Thank you for taking an interest in this issue. Your further attention to this problem would be greatly appreciated.

Mary Susan Greco, RN

Commenter: Ronald Nair
This commenting on Nurses Needed show. While I applaud NOW for addressing this problem, it did NOT go into all of the practical options such as augmenting the US Nursing workforce with foreign nurses via Nursing Immigration. US High Technology industry augmented its work force through immigration, and foreign nurses recruited from India and the Philippines currently represent the best short term solution within the next 1-4 years to 1) to alleviate the RN shortage in the hospitals, sub-acute centers ,and Nursing homes, AND 2) providing vital funding to Nursing Schools across the nation to hire new faculty to train more American Nurses.

INDEED, there was an immigration bill that died in the past term of the US Congress that would have 1) allow for the immigration of Foreign Nurses up to 20,000 per year for three years, and 2) provided over $90 Million Dollars for funding to America's Nursing Schools to hire new faculty and pay for American Students, and this would have been paid for by the private sector through a special $1500 Immigration Tax for each immigration visa given to a foreign nurse. There are currently thousands of Immigration Qualified and license eligible foreign nurses in India and the Philippines [who passed NCLEX & required English Speaking examinations] waiting to come to the USA. However, currently its taking about 4 and 8 years for a Nurses to Immigrate to the USA from the Philippines and India respectively due to Immigration restrictions.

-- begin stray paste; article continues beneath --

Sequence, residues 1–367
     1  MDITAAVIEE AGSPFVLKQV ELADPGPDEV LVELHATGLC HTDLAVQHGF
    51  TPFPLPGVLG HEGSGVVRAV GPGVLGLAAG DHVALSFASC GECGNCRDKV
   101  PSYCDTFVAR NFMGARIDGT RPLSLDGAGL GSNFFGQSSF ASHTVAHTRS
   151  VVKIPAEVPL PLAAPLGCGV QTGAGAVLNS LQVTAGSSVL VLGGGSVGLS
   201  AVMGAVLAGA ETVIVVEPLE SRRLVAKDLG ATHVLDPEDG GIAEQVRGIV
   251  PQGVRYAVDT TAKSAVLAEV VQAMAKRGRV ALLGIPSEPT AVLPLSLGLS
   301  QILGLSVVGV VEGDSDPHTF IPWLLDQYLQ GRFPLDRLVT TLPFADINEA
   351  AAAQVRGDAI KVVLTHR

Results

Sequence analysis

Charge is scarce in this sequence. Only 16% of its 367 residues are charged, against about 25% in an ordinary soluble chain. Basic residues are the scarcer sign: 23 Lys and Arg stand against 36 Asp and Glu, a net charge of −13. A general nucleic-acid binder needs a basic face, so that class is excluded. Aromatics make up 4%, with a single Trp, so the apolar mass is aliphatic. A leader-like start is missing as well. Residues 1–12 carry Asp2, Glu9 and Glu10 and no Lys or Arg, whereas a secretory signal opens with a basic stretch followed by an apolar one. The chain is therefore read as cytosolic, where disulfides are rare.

One practical, economic, and REALISTIC way of solving Nursing Shortage problem is reforming our immigration law to allow the immigration of, like other countries, targeted shortage occupations like Nursing. No immigration reform will only worsen shortage and result in these qualified Foreign Nurses going to other countries.

Commenter: Roberta Rana, RN, MSN
Thank you NOW for an informative and always passionate program. The technology and expertise of nursing care in the hospital setting was important for those viewers who never understood the intense complexity involved in nursing practice. However, this same expertise is found in the school nurses' office, the industrial sites, and the community settings. The nurse is often working alone, an independent agent on the front line, responsible for critical decisions that affect lives on a daily basis. Nursing has evolved from generations of people who were motivated by mission rather than economics. Retaining young people to stay in a field that requires an intense scientific education, long hours and an often physically and emotionally challenging environment, most likely accounts for the deficit in numbers.Hopefully those truly interested in nursing as a carrer got a jumpstart from NOW.

Thank you.

Commenter: Kathleen Boyer
Of particular interest in this story was the explanation for the lack of qualified nursing instructors because teaching pays so much less than hospital nursing. While both true and important, the assumption is that qualified nurses are all still working. There is a plethora of non-working or prematurely retired masters-prepared nurses like myself all over the country.

The physical demands and long hours have become just too much for many of us in our fifties and early sixties. Nursing leaders have totally overlooked us as an important resource for nursing education in most parts of the country. Nursing has its political problems just like any other occupation and has consequently overlooked and underutilized an excellent source for recruiting nursing educators.